Chinese tech giant Huawei will be allowed to bid on UK telecoms projects after the National Cyber Security Centre ruled that the security risks posed are 'manageable'.
There have been growing concerns around the world that Huawei's 5G technology allows the Chinese government to use the company as a spying tool.
Although the National Cyber Security Centre has backed Huawei, it is not the final decision on its use in the UK. It will feed into a wider government review led by the Department of Culture, Media and Sport. A final decision is expected to come in March or April.
Australia, New Zealand and most notably, the US, have all banned Huawei from supplying technology for 5G mobile networks when it is released for public use. Canada is also currently reviewing the company for security risks.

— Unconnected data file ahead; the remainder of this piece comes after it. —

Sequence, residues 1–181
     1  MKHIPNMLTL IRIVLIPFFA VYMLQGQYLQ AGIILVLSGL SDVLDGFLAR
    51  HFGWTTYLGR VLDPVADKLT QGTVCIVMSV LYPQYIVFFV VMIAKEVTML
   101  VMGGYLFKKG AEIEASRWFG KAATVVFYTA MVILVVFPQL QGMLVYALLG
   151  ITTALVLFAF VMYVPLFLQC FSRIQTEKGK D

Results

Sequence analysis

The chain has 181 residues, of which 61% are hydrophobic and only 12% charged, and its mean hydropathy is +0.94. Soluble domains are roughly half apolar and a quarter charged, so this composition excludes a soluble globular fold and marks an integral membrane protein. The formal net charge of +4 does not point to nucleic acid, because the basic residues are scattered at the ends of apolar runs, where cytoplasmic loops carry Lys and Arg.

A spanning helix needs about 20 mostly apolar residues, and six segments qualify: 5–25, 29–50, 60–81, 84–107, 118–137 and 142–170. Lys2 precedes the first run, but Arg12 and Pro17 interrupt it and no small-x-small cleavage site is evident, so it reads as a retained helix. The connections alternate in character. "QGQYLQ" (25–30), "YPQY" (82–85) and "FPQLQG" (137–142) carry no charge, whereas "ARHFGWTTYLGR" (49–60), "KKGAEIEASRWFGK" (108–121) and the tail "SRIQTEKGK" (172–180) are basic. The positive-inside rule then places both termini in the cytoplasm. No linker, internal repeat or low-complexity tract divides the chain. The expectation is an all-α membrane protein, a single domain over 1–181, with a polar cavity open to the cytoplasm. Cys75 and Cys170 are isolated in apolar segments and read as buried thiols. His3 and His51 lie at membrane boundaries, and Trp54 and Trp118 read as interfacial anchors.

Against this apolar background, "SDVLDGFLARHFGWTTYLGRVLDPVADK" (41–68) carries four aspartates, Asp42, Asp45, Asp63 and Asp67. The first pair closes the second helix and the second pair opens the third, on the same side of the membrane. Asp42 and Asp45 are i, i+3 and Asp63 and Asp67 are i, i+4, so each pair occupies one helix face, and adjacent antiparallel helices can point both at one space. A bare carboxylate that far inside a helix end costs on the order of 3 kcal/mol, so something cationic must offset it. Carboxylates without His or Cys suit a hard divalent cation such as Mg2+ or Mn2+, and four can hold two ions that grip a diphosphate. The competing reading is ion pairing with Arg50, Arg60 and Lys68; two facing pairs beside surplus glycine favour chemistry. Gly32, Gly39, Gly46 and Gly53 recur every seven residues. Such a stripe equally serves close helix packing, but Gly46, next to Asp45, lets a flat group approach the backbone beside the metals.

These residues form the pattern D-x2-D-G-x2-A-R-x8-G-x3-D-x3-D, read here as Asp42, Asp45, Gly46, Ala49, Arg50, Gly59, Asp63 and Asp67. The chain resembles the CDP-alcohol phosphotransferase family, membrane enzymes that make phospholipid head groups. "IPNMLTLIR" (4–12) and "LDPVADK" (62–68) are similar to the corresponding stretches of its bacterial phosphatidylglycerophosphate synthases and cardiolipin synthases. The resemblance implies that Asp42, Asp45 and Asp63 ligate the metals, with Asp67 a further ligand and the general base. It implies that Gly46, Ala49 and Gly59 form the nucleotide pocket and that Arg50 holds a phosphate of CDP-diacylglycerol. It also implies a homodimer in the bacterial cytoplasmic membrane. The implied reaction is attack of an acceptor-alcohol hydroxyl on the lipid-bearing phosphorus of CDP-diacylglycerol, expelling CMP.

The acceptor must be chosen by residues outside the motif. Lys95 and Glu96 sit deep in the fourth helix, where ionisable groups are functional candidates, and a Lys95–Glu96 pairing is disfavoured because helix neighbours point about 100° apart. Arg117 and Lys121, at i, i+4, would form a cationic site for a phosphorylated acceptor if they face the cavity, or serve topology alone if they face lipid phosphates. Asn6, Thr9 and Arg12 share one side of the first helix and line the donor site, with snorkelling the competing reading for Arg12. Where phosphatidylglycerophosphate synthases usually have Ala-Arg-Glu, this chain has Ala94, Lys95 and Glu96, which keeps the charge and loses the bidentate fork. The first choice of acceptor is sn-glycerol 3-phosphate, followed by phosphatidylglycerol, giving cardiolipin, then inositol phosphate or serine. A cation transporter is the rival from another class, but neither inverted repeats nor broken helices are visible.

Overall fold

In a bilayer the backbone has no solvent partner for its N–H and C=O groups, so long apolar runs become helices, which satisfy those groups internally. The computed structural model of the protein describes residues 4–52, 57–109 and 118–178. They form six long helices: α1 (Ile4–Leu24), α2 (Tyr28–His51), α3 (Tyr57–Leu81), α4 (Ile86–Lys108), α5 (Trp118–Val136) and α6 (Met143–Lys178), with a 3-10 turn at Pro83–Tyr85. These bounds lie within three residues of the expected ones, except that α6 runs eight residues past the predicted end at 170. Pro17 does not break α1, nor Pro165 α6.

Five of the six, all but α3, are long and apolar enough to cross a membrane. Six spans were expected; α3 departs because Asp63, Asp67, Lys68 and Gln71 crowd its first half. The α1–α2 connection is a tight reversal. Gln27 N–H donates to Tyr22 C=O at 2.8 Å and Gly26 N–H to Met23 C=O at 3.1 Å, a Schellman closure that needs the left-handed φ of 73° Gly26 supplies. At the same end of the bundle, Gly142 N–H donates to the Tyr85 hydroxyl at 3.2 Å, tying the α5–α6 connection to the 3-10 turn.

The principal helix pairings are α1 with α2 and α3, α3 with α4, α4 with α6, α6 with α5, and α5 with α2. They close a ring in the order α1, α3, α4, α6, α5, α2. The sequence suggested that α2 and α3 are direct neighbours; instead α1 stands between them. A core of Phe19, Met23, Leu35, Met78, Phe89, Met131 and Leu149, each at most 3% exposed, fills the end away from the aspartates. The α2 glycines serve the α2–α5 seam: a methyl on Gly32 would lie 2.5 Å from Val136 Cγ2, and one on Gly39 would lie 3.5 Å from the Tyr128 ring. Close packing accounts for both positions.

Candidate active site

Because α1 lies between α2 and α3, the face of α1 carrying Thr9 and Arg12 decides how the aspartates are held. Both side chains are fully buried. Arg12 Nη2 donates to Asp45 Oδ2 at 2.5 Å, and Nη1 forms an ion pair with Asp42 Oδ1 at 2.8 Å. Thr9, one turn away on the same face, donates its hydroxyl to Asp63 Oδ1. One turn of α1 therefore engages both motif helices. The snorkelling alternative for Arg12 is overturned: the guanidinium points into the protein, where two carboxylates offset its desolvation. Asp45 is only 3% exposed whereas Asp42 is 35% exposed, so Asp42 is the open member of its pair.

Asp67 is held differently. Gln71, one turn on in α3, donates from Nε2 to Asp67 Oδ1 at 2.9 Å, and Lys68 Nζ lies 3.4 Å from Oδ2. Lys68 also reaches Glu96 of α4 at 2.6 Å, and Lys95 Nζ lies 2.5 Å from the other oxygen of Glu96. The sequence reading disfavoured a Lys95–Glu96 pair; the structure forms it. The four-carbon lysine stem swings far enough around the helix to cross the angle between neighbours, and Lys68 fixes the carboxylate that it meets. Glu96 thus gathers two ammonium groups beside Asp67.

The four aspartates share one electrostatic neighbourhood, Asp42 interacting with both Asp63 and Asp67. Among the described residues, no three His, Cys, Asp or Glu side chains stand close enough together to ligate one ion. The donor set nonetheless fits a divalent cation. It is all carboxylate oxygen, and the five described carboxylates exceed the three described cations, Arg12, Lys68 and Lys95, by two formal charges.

Despite the concerns, Huawei insists that no information is given to the Chinese government.
In an interview with the BBC, Huawei's cybersecurity chief John Suffolk, who is also the UK's former chief information officer, said:: "We are probably the most open and transparent organisation in the world. We are probably the most poked and prodded organisation too."
He added: "We don't say 'believe us' we say 'come and check for yourself', come and do your own testing and come and do your own verification.
"The more people looking, the more people touching, they can provide their own assurance without listening to what Huawei has to say."
Industry experts believe the National Cyber Security Centre's opinion will carry some weight on the government's final decision, but the DCMS could still rule against Huawei.